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Reading. Singing. Talking. Playing. Writing. Together all of these actions can help children become skilled readers. Weaving these practices together vocabulary, phonological awareness, narrative skills, print motivation, print awareness, and letter knowledge are acquired.
We are going to get technical for just a minute, so bear with us. In 2002, literacy researcher Hollis Scarborough released a study dealing with the Braid of Literacy. In the study, Scarborough found literacy could be broken into two simple parts: Language Comprehension and Word Recognition. But more importantly, it is within these two parts that more complex things are at work. As you can see in the illustration, when all of the pieces and parts of literacy come together, they form a tightly woven braid. But it is only when they are working together.
That was too technical. But what does that all mean?
Let’s go back to reading, talking, singing, playing, and writing. When you read with your child or talk with your child, when you play and sing together, and when you write and let your child use a paper and pencil, you are weaving together these different parts of literacy.
Spend a few minutes each day trying to do at least two of these simple practices with your child.
Writing is a very important skill for children to master. Writing involves creativity, comprehension, fine motor skills, sometimes the ability to follow directions, reading, and so much more. Writing is one of the five early literacy practices helping prepare children for school.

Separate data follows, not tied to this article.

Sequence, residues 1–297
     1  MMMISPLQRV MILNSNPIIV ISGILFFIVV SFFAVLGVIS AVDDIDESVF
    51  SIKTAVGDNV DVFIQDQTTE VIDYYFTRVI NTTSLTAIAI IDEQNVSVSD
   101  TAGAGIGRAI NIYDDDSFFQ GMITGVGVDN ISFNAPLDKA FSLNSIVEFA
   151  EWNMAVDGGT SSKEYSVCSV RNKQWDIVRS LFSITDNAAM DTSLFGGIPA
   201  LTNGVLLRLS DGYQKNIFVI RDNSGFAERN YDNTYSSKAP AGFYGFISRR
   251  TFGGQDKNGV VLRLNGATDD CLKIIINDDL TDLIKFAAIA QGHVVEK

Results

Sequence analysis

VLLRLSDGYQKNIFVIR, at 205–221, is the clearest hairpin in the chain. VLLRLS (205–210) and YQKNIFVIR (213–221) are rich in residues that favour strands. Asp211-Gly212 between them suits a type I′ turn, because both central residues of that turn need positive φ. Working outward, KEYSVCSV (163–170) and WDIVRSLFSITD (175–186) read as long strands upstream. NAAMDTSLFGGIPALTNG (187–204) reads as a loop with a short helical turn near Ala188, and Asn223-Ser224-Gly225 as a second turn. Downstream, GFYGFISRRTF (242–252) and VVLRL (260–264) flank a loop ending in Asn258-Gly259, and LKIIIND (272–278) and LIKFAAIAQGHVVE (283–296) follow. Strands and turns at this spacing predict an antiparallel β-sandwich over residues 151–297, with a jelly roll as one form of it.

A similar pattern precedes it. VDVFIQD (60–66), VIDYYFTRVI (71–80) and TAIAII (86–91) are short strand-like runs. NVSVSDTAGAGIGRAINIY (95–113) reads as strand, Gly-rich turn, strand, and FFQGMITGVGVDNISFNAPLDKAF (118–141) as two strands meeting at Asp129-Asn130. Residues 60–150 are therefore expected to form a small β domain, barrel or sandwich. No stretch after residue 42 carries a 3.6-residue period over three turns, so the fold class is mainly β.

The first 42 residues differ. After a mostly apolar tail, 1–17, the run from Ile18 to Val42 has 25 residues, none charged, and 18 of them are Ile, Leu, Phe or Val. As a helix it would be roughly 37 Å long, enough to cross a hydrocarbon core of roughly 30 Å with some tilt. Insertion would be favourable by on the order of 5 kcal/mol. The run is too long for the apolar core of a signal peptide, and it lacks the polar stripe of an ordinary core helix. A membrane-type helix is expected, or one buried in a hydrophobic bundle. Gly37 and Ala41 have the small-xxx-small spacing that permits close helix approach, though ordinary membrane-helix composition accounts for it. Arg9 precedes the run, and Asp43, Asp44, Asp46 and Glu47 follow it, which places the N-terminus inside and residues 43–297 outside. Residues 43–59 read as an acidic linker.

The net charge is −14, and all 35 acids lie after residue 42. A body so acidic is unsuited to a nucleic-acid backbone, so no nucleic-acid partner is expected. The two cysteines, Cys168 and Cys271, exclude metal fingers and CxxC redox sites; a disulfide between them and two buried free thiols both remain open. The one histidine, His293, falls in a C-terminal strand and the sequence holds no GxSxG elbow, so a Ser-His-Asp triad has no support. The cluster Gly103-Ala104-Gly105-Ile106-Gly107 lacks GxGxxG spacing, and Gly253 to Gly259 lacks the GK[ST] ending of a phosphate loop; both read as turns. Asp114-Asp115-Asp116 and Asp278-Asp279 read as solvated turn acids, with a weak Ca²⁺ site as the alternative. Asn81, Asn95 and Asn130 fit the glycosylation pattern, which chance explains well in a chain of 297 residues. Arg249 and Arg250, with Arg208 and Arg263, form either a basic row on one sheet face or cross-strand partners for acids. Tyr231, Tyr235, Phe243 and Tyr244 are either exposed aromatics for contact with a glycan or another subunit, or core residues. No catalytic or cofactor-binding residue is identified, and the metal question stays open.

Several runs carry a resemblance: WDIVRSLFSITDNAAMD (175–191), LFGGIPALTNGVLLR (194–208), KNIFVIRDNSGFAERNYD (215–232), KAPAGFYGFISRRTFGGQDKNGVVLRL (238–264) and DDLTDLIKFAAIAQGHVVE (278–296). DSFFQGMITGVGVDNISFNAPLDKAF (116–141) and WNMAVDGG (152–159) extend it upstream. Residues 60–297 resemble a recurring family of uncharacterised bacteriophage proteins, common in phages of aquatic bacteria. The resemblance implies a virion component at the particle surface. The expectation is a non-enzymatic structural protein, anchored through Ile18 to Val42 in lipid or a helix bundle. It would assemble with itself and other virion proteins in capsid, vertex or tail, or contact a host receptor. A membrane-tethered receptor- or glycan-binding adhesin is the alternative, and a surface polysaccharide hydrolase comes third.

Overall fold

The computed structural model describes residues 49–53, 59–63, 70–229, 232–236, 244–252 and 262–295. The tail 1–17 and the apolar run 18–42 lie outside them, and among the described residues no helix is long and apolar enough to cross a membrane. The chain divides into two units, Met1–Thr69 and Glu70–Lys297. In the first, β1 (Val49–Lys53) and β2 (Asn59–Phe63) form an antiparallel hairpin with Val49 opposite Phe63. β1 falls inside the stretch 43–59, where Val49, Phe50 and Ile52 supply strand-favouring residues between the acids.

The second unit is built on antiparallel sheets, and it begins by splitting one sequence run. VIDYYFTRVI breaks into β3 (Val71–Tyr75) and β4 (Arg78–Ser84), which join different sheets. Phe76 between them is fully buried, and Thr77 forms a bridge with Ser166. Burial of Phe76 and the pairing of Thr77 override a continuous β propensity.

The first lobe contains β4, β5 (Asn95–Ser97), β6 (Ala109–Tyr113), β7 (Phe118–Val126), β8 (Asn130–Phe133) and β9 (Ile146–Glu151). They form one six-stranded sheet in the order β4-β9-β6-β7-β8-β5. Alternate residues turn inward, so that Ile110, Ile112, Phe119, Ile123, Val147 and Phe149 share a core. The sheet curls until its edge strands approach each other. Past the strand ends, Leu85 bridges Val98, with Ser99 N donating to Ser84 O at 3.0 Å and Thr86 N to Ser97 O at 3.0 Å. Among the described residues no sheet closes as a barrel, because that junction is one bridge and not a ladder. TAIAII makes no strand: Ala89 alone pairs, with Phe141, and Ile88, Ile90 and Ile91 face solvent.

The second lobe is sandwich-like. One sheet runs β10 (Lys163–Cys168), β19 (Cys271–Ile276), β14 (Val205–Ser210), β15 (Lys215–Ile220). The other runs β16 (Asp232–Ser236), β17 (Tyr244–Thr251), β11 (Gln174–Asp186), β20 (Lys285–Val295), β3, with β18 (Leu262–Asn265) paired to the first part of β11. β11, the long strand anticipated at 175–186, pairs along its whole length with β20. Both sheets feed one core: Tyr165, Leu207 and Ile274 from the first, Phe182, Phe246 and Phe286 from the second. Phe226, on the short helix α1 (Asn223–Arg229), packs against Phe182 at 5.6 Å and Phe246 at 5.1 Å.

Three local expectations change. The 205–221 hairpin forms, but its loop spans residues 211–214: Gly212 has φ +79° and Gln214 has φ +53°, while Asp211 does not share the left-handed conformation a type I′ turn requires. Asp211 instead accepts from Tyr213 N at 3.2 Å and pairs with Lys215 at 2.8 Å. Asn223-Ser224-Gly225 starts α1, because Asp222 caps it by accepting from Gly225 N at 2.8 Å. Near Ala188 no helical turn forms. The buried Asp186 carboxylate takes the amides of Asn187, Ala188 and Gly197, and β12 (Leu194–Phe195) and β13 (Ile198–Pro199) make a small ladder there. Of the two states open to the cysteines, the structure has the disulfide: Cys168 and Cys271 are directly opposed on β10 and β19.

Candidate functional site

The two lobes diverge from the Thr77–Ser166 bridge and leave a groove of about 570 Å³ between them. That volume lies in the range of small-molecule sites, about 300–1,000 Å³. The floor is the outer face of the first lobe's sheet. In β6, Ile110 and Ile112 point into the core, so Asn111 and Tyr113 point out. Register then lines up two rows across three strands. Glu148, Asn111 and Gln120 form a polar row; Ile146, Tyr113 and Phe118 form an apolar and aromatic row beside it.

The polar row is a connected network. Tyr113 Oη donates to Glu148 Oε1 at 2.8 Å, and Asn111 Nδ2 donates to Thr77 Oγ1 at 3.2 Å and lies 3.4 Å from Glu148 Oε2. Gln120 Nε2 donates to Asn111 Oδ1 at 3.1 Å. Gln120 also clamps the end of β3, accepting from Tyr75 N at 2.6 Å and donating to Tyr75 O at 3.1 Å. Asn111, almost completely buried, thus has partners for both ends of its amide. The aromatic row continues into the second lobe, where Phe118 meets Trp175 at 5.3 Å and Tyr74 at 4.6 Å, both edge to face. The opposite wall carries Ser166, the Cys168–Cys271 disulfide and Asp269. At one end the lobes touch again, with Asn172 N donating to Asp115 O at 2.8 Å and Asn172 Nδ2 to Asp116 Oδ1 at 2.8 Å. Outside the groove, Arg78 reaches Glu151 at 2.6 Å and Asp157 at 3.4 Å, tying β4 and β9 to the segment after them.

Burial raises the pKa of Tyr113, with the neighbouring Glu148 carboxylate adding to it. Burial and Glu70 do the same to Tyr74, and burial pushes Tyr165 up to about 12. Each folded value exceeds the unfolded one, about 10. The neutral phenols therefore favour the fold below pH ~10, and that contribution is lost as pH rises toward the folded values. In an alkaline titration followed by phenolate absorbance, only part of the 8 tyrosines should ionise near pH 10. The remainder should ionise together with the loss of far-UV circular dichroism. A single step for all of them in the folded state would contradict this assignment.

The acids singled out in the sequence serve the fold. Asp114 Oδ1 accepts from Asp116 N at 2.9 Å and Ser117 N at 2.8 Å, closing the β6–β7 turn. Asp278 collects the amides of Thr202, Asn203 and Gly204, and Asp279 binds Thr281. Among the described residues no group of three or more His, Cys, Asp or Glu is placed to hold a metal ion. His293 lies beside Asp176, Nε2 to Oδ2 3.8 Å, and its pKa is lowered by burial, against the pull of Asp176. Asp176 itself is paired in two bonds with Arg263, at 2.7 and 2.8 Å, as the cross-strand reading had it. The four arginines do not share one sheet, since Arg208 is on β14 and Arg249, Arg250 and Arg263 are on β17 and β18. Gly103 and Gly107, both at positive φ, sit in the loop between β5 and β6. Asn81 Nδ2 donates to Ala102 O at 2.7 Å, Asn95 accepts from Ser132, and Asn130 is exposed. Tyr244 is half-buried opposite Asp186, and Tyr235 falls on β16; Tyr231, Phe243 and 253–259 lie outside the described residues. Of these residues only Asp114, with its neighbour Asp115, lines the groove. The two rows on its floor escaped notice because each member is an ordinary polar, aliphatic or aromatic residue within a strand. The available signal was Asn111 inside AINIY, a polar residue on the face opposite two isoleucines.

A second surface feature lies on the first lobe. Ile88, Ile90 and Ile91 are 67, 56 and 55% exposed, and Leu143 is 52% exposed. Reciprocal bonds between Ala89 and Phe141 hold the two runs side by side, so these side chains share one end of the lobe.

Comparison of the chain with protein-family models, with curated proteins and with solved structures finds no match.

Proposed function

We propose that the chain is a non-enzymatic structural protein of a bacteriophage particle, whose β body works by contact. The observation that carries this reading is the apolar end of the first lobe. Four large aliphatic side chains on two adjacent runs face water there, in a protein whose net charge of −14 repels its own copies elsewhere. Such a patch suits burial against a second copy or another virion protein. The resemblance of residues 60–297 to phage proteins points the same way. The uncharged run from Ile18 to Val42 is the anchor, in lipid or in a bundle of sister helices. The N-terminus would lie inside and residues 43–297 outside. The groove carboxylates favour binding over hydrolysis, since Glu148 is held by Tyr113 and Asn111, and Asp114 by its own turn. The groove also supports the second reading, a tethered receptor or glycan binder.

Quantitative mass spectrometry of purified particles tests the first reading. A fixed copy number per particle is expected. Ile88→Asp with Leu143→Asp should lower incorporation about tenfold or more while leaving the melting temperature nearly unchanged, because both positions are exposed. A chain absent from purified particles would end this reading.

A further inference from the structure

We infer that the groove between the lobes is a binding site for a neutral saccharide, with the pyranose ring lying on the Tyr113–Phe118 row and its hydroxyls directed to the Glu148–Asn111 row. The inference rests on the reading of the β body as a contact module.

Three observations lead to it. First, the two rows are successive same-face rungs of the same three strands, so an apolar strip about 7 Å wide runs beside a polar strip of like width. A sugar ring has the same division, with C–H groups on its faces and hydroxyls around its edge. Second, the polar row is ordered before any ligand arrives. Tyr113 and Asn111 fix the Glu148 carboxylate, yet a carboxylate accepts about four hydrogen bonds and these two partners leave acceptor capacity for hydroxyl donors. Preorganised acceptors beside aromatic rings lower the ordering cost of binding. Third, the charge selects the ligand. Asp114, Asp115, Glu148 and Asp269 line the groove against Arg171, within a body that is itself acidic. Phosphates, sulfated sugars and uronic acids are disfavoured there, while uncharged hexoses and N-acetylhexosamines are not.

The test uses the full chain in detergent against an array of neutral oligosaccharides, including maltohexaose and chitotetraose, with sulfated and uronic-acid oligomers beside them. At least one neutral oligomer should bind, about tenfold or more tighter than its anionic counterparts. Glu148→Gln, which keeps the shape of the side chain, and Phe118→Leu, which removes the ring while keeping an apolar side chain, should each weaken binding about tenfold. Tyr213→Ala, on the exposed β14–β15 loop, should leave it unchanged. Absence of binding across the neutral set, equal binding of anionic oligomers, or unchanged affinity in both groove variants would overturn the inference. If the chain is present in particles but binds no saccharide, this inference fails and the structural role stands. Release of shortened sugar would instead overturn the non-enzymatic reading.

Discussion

Here is a simple activity you can do with your child to incorporate writing into your day.
For my example, we read the story Orange Bear Apple Pear by Emily Gravett. It is a simple story with four words: orange, bear, apple, pear. The author uses the words in fun ways through her illustrations.
After we read the story, I asked my group of children to think of four words. They could use any four words. When they had a little trouble thinking of words, I asked them to name their favorite color, fruit, and animal.
We moved to the table. I gave them each a large piece of paper, and I told them to use their four words to write a story and draw a picture to go with it.
The most important part of this activity was letting the children be creative and work on their own. The hardest part of this activity was letting the children be creative and work on their own. Yes, you read that correctly. As adults, we have a tendency to want to make our children’s work perfect or help them the entire way. For this project, it’s important to let them figure it out on their own. Let them sound out the words and “kid spell.” Let them draw an animal the way they “see” it.
We did this with a mixture of age groups from 3 to 8 years old.
This mixes a little bit of process art (letting them create on their own) with a little bit of product art (there’s a specific end result with a few instructions). You will be surprised what your child comes up with!